Nissan LEAF Sales Open 2017 Strong In Japan

4 months ago by Mark Kane 21

Nissan LEAF sales in Japan – January 2017

The Nissan LEAF seems immune to kWh-deficiency in Japan, as the 30 kWh edition simply keeps selling strongly.

Nissan LEAF CHAdeMO charging in Japan – home of the protocol

It has now been more than a year since the introduction of car’s 30 kWh battery pack (and range bump from 85 to 107 miles), and sales results are still better significantly better than in the previous period with the 24 kWh car – a rarity when compared to other markets for the LEAF around the world.

In January, sales amounted to 1,431 cars (which was actually down 43% versus the first full debut month of the 30 kWh  a year ago), but still one of the better historical results (8th).

In reality, the Japanese EV market doesn’t provide much competition for the LEAF, which combined with a CHAdeMO-rich charging network and shorter range daily drive requirements of the locals, seem to be a sufficient enough offering to get it easily through to the next generation offering, which arrives shortly.

Total sales in Japan have increased to 73,925.

Nissan LEAF in Japan getting a CHAdeMO boost, and showing off a unique color

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21 responses to "Nissan LEAF Sales Open 2017 Strong In Japan"

  1. Someone out there says:

    I guess it helps that Japan is a relatively small country surrounded by water so the Japanese are not as sensitive to range as many others are.

    1. DJ says:

      Japan is almost 2,000 miles long, it’s not the Maldives. They overall have shorter daily commutes and the rail system there is amazing which is what I suspect is more of a reason than it being a supposedly small country surrounded by water.

      1. ffbj says:

        That’s true, but what Someone out there said is correct too. You also consider other factors such as governmental promotion and things national character.

        The Japanese are very tech and environmentally aware.
        Additionally the geography is comprised of a number of smaller islands with a few large ones, which goes to Sot’s point.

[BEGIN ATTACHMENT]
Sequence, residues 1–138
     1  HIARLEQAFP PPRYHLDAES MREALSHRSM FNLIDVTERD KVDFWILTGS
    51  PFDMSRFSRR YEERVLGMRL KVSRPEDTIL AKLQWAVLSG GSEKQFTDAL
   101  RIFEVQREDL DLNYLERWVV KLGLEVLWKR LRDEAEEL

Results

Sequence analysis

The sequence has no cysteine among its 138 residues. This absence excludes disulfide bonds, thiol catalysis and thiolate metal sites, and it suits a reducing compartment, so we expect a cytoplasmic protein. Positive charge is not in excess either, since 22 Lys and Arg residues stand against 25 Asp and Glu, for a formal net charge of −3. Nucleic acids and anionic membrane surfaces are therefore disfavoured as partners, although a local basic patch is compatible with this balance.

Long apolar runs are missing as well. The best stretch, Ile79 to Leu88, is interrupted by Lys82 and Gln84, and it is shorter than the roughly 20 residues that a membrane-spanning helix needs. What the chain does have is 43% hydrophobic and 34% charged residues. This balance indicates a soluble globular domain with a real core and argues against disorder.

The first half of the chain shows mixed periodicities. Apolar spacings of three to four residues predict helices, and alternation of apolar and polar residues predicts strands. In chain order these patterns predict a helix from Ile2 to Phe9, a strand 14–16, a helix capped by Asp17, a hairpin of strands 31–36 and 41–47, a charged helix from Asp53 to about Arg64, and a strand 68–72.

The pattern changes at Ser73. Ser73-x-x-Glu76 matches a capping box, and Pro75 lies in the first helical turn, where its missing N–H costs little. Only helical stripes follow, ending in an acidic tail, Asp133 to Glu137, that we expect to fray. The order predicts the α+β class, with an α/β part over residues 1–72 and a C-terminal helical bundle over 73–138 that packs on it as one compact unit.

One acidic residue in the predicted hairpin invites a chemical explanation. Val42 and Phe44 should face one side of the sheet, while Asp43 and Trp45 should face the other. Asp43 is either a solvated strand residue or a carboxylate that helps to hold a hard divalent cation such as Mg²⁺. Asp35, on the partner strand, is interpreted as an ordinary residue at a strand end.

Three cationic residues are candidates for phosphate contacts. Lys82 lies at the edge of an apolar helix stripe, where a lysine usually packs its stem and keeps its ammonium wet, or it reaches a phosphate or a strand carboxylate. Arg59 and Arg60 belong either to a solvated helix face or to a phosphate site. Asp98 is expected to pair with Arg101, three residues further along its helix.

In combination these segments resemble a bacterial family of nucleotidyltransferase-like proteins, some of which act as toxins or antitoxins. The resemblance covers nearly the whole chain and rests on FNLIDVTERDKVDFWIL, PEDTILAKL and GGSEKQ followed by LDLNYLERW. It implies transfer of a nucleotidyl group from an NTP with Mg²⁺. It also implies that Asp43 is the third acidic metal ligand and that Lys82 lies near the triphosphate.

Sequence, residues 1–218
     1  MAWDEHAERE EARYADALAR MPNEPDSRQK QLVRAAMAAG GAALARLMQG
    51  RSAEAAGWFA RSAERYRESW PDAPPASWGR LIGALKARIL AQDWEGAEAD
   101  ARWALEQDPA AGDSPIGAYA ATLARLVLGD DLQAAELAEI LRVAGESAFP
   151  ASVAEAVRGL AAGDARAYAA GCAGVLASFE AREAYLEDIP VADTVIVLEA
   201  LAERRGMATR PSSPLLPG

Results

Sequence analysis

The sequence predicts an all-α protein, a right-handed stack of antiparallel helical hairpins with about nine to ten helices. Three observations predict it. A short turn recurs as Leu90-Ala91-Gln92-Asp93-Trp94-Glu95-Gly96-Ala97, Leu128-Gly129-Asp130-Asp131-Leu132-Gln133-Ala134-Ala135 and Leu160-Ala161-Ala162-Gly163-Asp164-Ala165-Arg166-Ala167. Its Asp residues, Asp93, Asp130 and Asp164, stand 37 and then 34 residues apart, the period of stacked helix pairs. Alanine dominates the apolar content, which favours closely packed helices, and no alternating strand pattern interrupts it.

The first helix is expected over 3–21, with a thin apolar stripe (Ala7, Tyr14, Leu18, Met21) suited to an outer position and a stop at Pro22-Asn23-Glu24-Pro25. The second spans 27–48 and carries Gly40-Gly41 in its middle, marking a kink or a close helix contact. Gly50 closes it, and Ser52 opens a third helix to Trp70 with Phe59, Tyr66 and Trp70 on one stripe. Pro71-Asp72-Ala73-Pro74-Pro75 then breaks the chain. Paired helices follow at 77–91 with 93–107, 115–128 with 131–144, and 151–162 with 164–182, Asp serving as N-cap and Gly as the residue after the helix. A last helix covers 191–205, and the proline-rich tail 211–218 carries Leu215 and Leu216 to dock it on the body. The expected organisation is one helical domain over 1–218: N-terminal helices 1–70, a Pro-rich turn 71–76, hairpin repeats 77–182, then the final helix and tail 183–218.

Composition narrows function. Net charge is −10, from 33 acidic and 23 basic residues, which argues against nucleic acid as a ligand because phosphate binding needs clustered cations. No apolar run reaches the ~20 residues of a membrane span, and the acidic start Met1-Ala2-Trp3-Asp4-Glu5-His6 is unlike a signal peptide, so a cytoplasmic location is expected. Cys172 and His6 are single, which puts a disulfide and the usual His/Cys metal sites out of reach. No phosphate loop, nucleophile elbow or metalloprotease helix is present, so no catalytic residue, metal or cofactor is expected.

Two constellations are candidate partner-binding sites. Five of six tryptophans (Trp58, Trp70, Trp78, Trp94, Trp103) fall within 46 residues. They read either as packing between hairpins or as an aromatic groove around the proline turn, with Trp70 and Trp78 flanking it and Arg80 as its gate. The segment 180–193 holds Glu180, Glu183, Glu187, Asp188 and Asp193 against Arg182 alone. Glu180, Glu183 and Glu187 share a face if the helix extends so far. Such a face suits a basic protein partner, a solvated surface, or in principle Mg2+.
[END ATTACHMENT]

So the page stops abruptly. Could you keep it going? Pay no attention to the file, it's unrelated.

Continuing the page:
Many parts to the elephant.

      2. Alan says:

        Ah, but no one is going to drive from Okinawa to Hokkaido. 🙂 In any case – your point is taken; 100 miles is enough range for most American’s daily use, and even moreso in Japan. It may very well be that the extra expense for 200 mile+ BEVs would be often completely unjustified – take the train, or, on those rare occasions, get a rental car.

      3. Toyotomi says:

        Many live in big cities where public transportation is well established and it is hard to commute by car. Also, many households posses a car or nothing so everyone wants their vehicle can go further.

    2. Anne Jones says:

      Japan has a length similar to the distance of say from UK to the Mediterranean and UK is small surrounded by water too. Used to living in both places!

  2. Get Real says:

    Its mainly nationalism so that Japanese buyers almost exclusively buy their national brands.

    its VTRY hard for foreign auto makers to sell their cars there.

    1. Miggy says:

      A lot of Japanese do like European cars like BMW, MB and Audi but not so much the American brands.

      1. Akira says:

        almost correct. Also we love VW which is bestseller imported car brand in Japan. On the other hand there are overe15,000 charging point in Japan. We welcome EVs from overseas! We don’t need US’s big PU trucks. We recommend you will drive big cars in downtown in Tokyo, President.

  3. ffbj says:

    I think Japan will be the first country that goes statistically 100% electric first. It may take 25 years, but the impetus and ability to do so is there.

    1. Emc2 says:

      I rather think it would be Norway the first to go all electric.

      1. ffbj says:

        I think they will be number one for at least next 10 years, Norway that is, but then economic forces will tip the balance towards Japan.

        1. Tom says:

          Norway is already at 37% of new sales are electric. Nobody even close to being in second place as far as I can find.

          1. Emc2 says:

            In adition, the stock of plug-in cars in Norway already represents 5% of all passenger cars on the road. No other country is even close. Norwegians expect to achieve 100% of new car sales to be electrics by 2025.

    2. ItsNotAboutTheMoney says:

      Should take 20 years to go electric.
      After all, there will be mass-produced HFEVs from 2025.

      1. “HFEVs”? Hype Fascinated Extra Vicious?

        Maybe you meant HFCV’s? Hyprogen Fool Cell Vehicles.

        /Sarc

        1. ricegf says:

          Hydrogen Fuel cell Electric Vehicles, an acronym intended (I presume) to emphasize that fuel cell vehicles are (inefficient) electrics as well.

          Battery electrics have far, far more advantages, though, with the exception of fueling speed on long trips, so I suspect most buyers will opt for much greater convenience 350 days of the year. *Shrugs*

    3. Charlie says:

      Nope. Norway is way ahead of anyone else.

  4. Bob Nan says:

    Good to see that Leaf is still selling well in its 7th year, but its high time and hope they launch the next generation Leaf at least by Oct with multiple range options like Tesla does.

  5. Just_Chris says:

    What are the other options in Japan and what is the market share of EV’s?

    1. Miggy says:

      See the link below Market share is just below 0.5%
      http://ev-sales.blogspot.co.nz/search/label/Japan

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